MADISON, Wis. — Wisconsin schools are gearing up to offer the SARS CoV-2 vaccine to kids ages 5 through 11. 

Lots of parents and school staff have been waiting for this moment: When elementary-age children have the opportunity to get the vaccine.

“You would think that having a vaccination event was like, might be better than their firstborn child,” laughed Leia Esser.

She’s the Madison Metropolitan School District’s interim executive director of student and staff supports.

“People are so so happy to be able to get kids vaccinated and keep them in school," she said.

Esser said the district’s first clinic will be at Aldo Leopold Elementary on Nov. 20. Esser said more will happen after Thanksgiving break.

“We are going to be surveying our families very soon to find out their intentions around vaccination, and whether or not they would like to get their child vaccinated before school, after school, or on the weekend,” she said. 

SSM Health will be running the first vaccine clinic for MMSD, and for the Middleton-Cross Plains Area School District. SSM already has some of those kids’ doses in hand.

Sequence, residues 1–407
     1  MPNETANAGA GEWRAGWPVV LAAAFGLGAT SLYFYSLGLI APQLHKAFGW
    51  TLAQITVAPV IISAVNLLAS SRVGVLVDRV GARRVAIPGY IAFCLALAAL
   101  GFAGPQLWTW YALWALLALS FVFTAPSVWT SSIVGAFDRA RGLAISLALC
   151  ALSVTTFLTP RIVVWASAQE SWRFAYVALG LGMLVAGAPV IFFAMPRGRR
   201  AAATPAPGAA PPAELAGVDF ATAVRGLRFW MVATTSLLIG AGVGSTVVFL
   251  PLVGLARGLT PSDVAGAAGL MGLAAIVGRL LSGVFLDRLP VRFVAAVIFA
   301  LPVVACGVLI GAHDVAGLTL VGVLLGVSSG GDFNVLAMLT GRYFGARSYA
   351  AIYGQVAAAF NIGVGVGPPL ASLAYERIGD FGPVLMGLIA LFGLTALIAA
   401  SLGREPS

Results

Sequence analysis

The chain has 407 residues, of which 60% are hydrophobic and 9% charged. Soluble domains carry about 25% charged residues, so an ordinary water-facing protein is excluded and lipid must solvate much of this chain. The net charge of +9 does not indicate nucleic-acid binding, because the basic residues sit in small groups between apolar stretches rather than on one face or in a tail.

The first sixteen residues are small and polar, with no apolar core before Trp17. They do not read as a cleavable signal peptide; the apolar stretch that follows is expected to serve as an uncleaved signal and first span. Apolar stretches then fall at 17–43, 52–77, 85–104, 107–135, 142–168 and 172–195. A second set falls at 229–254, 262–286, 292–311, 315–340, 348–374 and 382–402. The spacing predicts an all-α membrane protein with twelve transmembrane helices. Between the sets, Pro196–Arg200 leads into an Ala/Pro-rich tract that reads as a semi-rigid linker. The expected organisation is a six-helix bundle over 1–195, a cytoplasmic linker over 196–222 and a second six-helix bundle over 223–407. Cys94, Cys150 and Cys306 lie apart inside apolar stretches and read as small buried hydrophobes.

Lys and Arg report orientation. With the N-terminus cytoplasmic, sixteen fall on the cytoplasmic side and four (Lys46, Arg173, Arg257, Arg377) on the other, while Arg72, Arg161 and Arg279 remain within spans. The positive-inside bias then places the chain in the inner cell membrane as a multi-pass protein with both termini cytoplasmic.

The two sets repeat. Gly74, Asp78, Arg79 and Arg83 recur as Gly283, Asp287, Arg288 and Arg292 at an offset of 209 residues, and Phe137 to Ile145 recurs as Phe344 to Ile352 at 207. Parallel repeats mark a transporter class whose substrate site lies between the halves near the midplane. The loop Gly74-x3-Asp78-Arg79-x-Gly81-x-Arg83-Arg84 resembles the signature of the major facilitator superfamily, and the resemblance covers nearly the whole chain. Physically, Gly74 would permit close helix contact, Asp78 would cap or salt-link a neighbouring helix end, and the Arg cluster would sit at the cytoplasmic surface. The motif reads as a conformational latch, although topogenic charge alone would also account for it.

For the Middleton-Cross Plains district, the first vaccine clinic is Nov. 11.

“All of our clinic spots filled up really quickly,” said Danielle Krbecek, the district’s coordinator of health services. “We’re serving about 1,400 students, and 200 staff members for booster vaccines.”

Of course there are the health implications, vaccination will offer children some protection. But the impact on academics will be huge.

While it all depends on the district, unvaccinated students have to stay home when they’ve been exposed to COVID-19. 

“Families really wanted to get their kid in as quickly as possible, obviously there’s great benefit to them staying in school longer in case they become a close contact,” Krbecek said. 

“In elementary school, any student who's a close contact has to quarantine between seven and 10 days, which means that seven to 10 days of in person instruction they're missing,” Esser said. “When vaccinated, they don't need to quarantine. They simply need to monitor for symptoms and ensure that they are healthy. So that means that every time we're sending a student home, now we don't have to in the future.”

Esser said the Madison school district is still working to get more kids above 12 vaccinated, too. There are income and racial disparities in terms of which students have gotten the shot. They’re currently collecting data and developing a plan to connect with those families.